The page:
The FireEye Malware Intelligence Lab reports that the Grum botnet, the world's third largest spam botnet, has finally been knocked offline. Grum was reportedly responsible for close to 18-percent of the world's spam and had control of at least 100K active infected machines. Now all known command and control (CnC) servers are eliminated, leaving their infected zombies impotent, the firm reports.
Atif Mushtaq, a senior staff scientist at FireEye, was directly involved in the takedown. He reports that on Tuesday, they took down part of the botnet, tackling command and control (C&C) servers in the Netherlands and Panama. However part of the botnet continued to thrive in Russia via one remaining C&C server, and eventually 7 new C&C servers were spun up in Russia and the Ukraine Tuesday afternoon in response to the Panama take down.
FireEye, working with Russian CERT and SpamHaus, found each of these new C&C servers and knocked them offline as of 11 a.m. PT Wednesday morning, signaling the full shut down of the botnet. Grum does not have any apparent fall back mechanisms either, which would allow it spin back up easily in the days to come, he said.
To get the C&C servers shut down in Russia, FireEye took a "heavy handed approach" in working with Russian ISPs and domain registrars. He said the primary Russian server was not taken down by their ISP, GAZINVESTPROEKT LTD. Instead, it was their upstream provider who finally came in and null routed the IP address at FireEye's request.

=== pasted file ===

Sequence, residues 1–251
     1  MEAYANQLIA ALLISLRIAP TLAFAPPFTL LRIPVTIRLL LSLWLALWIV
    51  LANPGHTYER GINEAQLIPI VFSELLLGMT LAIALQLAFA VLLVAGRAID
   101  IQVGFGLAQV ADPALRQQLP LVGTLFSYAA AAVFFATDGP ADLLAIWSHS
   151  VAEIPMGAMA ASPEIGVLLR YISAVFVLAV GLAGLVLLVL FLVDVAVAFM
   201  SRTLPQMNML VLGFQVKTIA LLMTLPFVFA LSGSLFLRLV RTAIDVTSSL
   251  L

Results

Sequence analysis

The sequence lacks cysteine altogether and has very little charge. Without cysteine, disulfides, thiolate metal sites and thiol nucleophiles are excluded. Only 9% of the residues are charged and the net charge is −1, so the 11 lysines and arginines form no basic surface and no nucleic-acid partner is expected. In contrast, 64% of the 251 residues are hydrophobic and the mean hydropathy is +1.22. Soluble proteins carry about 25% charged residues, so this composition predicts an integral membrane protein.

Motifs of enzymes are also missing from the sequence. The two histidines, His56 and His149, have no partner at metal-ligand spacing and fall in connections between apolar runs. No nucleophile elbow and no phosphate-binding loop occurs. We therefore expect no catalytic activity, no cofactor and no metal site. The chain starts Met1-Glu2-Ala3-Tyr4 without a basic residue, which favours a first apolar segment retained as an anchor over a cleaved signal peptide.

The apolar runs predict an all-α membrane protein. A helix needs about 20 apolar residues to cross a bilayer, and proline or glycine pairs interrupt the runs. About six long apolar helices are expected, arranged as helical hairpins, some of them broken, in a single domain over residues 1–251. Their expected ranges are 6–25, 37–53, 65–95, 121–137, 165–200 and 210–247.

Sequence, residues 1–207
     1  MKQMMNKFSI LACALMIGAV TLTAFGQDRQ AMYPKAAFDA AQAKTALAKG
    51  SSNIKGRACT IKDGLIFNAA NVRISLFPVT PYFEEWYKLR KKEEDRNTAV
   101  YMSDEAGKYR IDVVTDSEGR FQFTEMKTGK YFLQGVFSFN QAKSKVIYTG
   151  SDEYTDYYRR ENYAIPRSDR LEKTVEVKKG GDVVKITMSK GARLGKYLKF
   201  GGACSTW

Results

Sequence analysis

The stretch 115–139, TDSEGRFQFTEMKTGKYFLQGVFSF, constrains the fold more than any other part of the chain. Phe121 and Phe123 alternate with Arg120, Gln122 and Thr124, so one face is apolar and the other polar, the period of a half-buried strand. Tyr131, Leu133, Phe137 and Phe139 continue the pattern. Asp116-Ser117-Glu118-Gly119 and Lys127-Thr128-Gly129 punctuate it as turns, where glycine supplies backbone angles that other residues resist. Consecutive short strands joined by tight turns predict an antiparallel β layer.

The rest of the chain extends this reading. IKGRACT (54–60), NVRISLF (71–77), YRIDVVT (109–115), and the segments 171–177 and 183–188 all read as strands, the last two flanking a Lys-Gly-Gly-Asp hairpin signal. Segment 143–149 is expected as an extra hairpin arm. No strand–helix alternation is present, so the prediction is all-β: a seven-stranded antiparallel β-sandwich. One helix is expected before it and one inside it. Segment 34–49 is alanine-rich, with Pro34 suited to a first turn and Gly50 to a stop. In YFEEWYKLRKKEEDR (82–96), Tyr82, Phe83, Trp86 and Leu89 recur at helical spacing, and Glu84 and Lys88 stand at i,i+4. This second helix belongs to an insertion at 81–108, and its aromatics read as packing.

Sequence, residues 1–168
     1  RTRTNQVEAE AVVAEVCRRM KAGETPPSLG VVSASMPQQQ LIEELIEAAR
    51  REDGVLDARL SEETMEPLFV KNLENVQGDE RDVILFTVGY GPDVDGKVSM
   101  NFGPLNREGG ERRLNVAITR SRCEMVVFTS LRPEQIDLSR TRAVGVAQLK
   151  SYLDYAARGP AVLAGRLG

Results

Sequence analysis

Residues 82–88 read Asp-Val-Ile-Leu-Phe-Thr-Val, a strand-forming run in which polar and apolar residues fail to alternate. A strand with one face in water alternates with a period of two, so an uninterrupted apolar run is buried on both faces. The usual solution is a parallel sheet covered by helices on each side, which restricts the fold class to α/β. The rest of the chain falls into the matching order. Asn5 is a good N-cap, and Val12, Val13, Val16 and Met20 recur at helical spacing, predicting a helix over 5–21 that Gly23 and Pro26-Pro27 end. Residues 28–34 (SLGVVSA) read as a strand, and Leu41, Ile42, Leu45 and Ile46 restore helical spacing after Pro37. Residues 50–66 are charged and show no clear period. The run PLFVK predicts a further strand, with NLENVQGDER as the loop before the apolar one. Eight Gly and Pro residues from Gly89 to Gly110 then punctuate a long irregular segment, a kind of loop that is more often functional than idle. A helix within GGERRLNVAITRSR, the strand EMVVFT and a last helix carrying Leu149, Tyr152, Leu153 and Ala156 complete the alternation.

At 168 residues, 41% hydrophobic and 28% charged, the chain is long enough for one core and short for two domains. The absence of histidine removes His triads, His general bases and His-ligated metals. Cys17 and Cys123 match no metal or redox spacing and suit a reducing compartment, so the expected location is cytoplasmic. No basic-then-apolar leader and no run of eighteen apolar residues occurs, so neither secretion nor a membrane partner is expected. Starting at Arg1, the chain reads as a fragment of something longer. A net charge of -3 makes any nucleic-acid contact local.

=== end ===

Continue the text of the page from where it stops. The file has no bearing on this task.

"According to data coming from Spamhaus, on average, they used to see around 120,000 Grum IP addresses sending spam each day, but after the takedown, this number has reduced to 21,505. I hope that once the spam templates expire, the rest of the spam with fade away as well," Mushtaq wrote in his blog on Wednesday.
FireEye said it has already noted a decline in activity from another spam botnet, the world's largest – Lethic - as a result of Wednesday's take down. "Taking down C&C servers in Russia is a big deal," the company stated. "FireEye believes that botnet groups will no longer see Russia and the Ukraine as a 'safe haven' for their operations."
"There are no longer any safe havens," Mushtaq added. "Most of the spam botnets that used to keep their CnCs in the USA and Europe have moved to countries like Panama, Russia, and Ukraine thinking that no one can touch them in these comfort zones. We have proven them wrong this time. Keep on dreaming of a junk-free inbox."
We'll do that, thanks.